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June 2023

In this month’s Chair’s Spotlight, we highlight the work of Mayra Tisminetzky, MD, PhD, MPH, an associate professor of medicine in the Divisions of Health Systems Science and Geriatrics. She also holds a secondary appointment in population and quantitative health sciences 

Dr. Tisminetzky’s research focuses on the epidemiology of aging and cardiovascular diseases with a specific focus on addressing the management and clinical outcomes of older adults with multiple chronic conditions (MCCs). She is currently the principal investigator on an NIH National Institute on Aging (NIA) R01 project where she is investigating “Multimorbidity and Treatment Related Outcomes in Older Heart Failure Patients.” The presence of two or more chronic conditions greatly increases the risk of hospitalization and mortality among older heart failure (HF) patients. Additionally, when patients suffer from multiple chronic conditions, it can complicate the management of HF, especially with regard to pharmacotherapeutic decision-making. While national guidelines for HF patients exist, caution is required when applying established clinical practice guidelines to the care of older adults with multimorbidity, as practitioners are faced with managing not just a single condition, but multiple conditions simultaneously. Here, Dr. Tisminetzky is examining treatment patterns and the overall benefits versus harm of selected therapies in patients presenting with HF and multimorbidity. The study cohort includes over 100,000 HF patients from the Health Care Systems Research Network, many of whom have a mean number of conditions of greater than/equal to seven. This shows the critical need for studies like this and others to address care and establish care guidelines for patients with MCCs. Dr. Tisminetzky is also a co-investigator on the Advancing Geriatrics Infrastructure & Network Growth (AGING) Initiative, an R33 project funded by the NIH NIA. The goal of this project is to expand on and further develop innovative methods related to measurement and analytics, observational research, and pragmatic clinical trial design and implementation, to inform the development and testing of novel interventions that improve the care and outcomes of older patients with MCCs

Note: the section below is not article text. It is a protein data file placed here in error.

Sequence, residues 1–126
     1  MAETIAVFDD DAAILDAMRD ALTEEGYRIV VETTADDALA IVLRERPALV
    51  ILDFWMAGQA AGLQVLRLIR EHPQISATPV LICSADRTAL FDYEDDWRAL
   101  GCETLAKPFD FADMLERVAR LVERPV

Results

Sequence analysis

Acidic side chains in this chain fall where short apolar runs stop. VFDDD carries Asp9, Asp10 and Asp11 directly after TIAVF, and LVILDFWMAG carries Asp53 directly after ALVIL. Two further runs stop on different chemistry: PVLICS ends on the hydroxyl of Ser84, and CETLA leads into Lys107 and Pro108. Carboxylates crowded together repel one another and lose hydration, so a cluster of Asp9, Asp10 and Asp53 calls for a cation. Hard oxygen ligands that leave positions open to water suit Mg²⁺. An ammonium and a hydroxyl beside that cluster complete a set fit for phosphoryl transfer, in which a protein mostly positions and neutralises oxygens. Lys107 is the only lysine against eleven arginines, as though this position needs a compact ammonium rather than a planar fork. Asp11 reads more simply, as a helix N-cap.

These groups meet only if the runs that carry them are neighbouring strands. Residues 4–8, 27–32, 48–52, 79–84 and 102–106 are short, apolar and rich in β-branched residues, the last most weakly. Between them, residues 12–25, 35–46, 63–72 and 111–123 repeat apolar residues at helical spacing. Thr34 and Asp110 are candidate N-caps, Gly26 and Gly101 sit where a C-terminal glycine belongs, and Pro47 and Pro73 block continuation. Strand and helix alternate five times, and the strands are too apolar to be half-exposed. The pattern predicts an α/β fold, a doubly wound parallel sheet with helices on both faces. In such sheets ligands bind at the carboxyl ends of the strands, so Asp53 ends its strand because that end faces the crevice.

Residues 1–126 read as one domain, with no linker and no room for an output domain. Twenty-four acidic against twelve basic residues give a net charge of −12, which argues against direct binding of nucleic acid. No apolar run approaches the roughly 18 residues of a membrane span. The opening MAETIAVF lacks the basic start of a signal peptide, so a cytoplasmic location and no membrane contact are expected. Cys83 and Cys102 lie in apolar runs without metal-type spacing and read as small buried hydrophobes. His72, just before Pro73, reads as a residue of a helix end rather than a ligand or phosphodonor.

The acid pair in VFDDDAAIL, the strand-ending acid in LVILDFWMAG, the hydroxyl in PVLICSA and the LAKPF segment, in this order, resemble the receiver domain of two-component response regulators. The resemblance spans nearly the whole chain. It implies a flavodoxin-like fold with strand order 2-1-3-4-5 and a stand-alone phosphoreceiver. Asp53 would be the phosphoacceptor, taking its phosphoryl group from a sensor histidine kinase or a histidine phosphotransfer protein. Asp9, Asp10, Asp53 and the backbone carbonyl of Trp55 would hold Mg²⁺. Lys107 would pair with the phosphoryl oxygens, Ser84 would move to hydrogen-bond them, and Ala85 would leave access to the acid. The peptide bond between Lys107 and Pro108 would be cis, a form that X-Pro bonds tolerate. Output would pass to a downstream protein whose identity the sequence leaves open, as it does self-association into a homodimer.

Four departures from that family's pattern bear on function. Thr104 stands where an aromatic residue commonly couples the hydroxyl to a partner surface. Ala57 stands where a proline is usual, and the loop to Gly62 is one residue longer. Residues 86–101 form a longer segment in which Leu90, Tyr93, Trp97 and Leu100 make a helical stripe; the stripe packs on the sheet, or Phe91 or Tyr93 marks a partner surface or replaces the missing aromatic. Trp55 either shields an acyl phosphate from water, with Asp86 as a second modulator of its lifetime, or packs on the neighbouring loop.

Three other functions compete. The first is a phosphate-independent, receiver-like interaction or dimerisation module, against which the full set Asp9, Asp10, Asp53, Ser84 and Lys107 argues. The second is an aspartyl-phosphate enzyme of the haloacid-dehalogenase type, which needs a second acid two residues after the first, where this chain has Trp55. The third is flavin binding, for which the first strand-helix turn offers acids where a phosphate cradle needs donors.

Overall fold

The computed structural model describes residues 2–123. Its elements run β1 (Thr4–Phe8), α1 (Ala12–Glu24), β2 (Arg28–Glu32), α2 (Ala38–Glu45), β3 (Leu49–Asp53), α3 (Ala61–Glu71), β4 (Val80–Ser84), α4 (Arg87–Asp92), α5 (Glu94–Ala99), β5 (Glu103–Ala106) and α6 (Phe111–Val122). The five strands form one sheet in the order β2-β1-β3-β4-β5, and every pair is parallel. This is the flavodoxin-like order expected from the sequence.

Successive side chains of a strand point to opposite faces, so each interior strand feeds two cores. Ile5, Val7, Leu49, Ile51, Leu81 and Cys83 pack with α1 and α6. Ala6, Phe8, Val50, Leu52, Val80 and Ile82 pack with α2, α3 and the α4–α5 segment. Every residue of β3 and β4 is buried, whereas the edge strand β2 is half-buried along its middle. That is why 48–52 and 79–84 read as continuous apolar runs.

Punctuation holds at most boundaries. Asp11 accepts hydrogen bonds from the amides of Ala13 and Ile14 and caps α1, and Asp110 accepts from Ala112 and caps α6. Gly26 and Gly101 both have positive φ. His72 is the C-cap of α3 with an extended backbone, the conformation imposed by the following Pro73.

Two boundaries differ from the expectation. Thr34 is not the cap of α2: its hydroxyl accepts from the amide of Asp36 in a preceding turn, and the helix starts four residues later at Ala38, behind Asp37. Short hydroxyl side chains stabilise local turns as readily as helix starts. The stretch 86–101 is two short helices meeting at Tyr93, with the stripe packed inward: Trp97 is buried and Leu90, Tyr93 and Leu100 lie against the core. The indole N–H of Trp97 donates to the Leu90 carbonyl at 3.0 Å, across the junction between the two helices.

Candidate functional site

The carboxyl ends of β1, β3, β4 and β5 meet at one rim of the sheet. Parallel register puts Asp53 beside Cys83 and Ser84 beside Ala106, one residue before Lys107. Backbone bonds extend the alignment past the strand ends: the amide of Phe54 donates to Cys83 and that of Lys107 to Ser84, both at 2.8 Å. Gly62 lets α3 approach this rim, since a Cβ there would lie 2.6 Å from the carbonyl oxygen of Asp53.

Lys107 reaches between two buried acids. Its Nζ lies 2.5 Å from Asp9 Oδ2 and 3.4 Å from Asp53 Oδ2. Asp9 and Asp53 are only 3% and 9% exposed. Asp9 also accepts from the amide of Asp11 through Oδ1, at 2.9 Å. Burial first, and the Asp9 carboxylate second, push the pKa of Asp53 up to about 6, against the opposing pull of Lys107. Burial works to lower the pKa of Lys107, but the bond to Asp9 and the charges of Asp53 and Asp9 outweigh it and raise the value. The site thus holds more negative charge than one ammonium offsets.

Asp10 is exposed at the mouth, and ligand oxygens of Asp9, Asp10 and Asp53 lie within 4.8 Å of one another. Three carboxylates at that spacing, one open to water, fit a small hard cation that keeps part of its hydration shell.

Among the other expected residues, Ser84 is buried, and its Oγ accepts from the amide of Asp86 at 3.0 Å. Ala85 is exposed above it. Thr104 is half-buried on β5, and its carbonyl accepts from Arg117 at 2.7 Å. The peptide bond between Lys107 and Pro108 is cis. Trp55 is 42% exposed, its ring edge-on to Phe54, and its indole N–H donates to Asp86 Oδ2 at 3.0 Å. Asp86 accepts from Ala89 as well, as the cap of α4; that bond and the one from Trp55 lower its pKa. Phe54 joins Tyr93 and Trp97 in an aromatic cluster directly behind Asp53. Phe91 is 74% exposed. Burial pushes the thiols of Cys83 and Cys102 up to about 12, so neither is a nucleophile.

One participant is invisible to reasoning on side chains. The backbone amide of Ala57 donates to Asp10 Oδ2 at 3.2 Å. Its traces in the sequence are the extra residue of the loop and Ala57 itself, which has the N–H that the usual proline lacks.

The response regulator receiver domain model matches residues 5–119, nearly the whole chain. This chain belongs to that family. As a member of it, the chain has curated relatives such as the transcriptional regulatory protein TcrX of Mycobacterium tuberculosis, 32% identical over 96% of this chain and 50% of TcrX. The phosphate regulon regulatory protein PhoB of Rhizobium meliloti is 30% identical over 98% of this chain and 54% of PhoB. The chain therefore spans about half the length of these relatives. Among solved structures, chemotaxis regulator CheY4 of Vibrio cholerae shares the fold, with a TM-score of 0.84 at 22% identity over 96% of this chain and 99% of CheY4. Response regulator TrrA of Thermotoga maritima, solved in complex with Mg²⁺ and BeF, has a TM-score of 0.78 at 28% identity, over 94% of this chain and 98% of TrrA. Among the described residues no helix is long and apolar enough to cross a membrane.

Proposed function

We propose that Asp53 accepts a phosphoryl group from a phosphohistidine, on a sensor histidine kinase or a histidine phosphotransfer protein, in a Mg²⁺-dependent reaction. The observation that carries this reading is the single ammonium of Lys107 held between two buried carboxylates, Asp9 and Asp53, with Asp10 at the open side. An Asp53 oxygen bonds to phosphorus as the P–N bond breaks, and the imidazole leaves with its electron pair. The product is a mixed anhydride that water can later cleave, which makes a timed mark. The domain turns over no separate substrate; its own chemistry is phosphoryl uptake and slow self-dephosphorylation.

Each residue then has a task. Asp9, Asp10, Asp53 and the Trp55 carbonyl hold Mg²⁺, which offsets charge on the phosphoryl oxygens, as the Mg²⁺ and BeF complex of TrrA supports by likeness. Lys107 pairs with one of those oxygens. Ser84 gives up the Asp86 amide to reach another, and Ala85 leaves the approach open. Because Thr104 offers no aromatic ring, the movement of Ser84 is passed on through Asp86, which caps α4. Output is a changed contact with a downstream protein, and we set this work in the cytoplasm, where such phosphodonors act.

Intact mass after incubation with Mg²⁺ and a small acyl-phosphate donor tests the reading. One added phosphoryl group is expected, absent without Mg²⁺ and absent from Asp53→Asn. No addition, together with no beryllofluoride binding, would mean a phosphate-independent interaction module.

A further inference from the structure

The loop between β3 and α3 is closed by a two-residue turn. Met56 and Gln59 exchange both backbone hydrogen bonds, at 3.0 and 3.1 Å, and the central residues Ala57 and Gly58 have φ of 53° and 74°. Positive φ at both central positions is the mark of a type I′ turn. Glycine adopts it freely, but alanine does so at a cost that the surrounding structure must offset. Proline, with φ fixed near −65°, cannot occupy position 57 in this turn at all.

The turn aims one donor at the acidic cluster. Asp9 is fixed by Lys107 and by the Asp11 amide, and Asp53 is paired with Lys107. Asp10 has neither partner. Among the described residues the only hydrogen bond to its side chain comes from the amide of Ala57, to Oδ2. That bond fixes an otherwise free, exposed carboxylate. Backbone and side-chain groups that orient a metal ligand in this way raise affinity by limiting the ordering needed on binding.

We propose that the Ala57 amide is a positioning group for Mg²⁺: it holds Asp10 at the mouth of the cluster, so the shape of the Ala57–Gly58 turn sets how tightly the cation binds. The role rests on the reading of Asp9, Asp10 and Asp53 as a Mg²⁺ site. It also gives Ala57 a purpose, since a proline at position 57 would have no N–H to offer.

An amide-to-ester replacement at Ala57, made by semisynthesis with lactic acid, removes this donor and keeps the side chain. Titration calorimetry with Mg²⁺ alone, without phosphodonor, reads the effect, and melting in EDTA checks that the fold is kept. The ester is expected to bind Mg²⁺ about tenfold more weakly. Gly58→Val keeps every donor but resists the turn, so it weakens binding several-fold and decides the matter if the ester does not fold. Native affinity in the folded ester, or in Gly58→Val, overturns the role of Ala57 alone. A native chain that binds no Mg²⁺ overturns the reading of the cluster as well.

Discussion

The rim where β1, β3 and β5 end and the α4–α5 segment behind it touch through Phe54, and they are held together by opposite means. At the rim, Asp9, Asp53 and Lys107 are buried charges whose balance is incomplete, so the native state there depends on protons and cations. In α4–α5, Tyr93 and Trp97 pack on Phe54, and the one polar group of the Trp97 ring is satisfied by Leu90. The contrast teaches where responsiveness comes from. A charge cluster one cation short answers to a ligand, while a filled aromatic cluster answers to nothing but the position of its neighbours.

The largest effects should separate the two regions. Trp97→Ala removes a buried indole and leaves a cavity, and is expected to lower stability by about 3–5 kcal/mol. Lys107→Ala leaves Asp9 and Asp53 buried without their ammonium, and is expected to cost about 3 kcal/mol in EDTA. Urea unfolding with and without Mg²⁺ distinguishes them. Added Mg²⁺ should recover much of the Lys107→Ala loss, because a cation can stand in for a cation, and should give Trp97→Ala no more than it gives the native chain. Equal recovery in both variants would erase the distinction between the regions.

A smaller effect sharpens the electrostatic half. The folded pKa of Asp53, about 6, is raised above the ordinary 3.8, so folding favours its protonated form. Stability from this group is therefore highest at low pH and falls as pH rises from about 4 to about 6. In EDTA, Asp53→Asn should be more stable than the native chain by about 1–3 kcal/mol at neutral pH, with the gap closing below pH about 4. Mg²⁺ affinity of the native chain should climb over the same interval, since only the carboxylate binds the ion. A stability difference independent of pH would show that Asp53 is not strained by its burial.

Recently, Dr. Tisminetzky began collaborating with Drs. David McManus and Apurv Soni on the RURAL (Risk Underlying Rural Areas Longitudinal) Cohort Study, which aims to identify the frequency and risk factors for heart and lung diseases in rural communities. Her work is in the mobile health core, which will collect important risk factors and physiological variables using a smartphone app and a wearable, wrist-based informatics system 

Along with her research activities, Dr. Tisminetzky is an instructor in the T.H. Chan School of Medicine, Tan Chingfen Graduate School of Nursing, and the Morningside Graduate School of Biomedical Sciences.  She and Dr. Mara Meyer Epstein co-teach epidemiology and biostatistics to medical and nursing students. She is also a capstone project affiliate in the Kelley House, a Learning Community in the School of Medicine. In this leadership role, she helps ensure that students are moving forward with their projects throughout their four years of medical school and that they are following the required project criteria and deadlines. Additionally, this year she taught a course on psychiatric epidemiology in the GSBS Clinical and Population Health Research PhD program 

Dr. Tisminetzky joined the faculty at UMass Chan in 2009. She earned her medical degree and completed her internship and residency in Child and Adolescent Psychiatry at the University of Buenos Aires, School of Medicine in Argentina. She earned her PhD in Clinical Population Health Research from UMass Chan Medical School and holds a master’s in public health from the University of Massachusetts in Amherst. On a personal note, Dr. Tisminetzky is an avid runner, reporting that she starts each day with a 10-mile run 

We are grateful for Dr. Tisminetzky’s contributions to the Department of Medicine and for her ongoing commitment to excellence in her research.